Anti-Inflammatory Diet

All health care starts with diet. My recommendations for a healthy diet are here:
Anti-Inflammatory Diet and Lifestyle.
There are over 190 articles on diet, inflammation and disease on this blog
(find topics using search [upper left] or index [lower right]), and
more articles by Prof. Ayers on Suite101 .

Thursday, May 31, 2012

Dr. Oz on Sweeteners: Sugar, Fructose, Insulin/Resistance, AGE, FattyLiver

I was shocked when Dr. Oz recommended a snack made with agave syrup. I had seen a previous program by America's representative of the medical industry in which he revealed the hazards of agave syrup as a new source of fructose. Now he just skipped over the use of this fructose syrup as a "natural" sweetener, even though it is even less healthy than high fructose corn syrup, HFCS. There seems to be a lot of deliberate confusion about sweeteners and since I am trained as a carbohydrate chemist, I will try to tell it as I see it.

General Information 
  • Carbohydrates are not needed in your diet, since your liver can make all the blood sugar that you need from protein. Most diabetics can benefit from a low carbohydrate diet. 
  •  Glucose, the blood sugar, is primarily responsible for turning on insulin production, so sweeteners (glucose, sucrose, HFCS, corn syrup) or dietary carbohydrates (starch, e.g. cereal, rice, pasta, potatoes, bananas) that are readily converted to glucose, cause blood insulin levels to rise.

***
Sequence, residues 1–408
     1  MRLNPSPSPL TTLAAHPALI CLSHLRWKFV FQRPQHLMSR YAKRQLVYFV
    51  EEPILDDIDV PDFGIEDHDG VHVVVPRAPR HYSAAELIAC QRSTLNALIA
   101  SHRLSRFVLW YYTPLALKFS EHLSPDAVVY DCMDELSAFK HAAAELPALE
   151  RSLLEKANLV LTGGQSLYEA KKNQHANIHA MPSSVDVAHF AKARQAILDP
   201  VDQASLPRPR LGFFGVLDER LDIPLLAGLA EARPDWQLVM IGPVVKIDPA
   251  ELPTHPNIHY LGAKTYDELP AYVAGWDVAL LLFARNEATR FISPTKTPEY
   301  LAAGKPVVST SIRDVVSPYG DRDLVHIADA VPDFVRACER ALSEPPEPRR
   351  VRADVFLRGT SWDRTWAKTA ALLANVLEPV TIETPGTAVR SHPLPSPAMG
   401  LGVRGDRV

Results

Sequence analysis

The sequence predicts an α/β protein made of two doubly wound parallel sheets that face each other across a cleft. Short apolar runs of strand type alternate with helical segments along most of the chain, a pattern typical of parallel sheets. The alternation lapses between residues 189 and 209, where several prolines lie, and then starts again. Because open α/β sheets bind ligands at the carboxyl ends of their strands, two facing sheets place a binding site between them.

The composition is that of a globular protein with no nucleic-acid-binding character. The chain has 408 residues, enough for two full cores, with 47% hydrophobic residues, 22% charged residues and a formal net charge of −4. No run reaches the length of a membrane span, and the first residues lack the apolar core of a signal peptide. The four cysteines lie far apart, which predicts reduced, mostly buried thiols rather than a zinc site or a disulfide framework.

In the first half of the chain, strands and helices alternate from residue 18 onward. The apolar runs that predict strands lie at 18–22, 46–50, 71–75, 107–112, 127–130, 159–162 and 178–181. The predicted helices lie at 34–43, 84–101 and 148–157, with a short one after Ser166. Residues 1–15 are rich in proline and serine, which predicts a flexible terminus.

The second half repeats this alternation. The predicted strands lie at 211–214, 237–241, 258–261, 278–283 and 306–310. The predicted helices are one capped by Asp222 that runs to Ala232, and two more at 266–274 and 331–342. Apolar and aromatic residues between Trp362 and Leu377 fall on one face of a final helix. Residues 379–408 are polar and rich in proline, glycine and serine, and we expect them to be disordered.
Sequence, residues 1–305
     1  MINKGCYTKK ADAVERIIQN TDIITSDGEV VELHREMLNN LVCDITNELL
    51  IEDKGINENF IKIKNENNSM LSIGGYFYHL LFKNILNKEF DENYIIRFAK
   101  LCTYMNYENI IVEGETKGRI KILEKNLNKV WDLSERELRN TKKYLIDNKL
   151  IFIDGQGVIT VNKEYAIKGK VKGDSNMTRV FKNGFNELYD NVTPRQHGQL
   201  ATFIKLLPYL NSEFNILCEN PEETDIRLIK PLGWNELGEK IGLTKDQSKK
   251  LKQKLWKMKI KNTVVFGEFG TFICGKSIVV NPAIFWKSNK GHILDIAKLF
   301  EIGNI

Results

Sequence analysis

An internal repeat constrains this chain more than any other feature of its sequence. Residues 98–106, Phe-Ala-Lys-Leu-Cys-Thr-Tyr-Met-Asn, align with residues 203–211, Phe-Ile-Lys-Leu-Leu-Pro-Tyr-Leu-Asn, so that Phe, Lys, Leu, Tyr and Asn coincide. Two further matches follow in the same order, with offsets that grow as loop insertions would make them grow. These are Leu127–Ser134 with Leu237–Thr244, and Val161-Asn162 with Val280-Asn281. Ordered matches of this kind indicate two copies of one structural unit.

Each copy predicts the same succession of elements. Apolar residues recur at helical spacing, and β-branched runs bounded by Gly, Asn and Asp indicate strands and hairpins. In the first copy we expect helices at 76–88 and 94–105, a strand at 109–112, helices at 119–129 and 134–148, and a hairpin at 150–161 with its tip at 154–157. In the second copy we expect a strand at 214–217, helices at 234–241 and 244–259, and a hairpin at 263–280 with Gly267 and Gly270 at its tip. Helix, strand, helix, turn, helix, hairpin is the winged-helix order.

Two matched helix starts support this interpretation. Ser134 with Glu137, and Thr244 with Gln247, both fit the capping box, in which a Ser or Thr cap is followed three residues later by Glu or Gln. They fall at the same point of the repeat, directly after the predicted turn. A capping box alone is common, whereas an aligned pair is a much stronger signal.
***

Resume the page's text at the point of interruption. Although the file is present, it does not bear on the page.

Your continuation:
•  Fructose in any form (HFCS, sucrose, agave syrup) contributes to liver damage. Fructose is the most chemically reactive sugar. 
  •  Artificial sweeteners, especially in soft drinks, do not contribute dietary calories, but they apparently increase insulin production and contribute to hunger, eating and obesity. 
  •  Insulin production removes glucose from the blood, i.e. lowers blood sugar, by increasing glucose transport into fat cells. If glucose is in your blood, but insulin is not present, e.g. type I diabetes, then you get thin. If glucose is in your blood and insulin is present, then you get fat. If you are fat and glucose is still high in the blood and insulin is present, then the fat cells will die unless they shut off the insulin response, i.e. insulin resistance. Lowering the amount of carbohydrates, sweeteners/starch, in your diet makes it easier to control blood sugar levels and avoid hunger.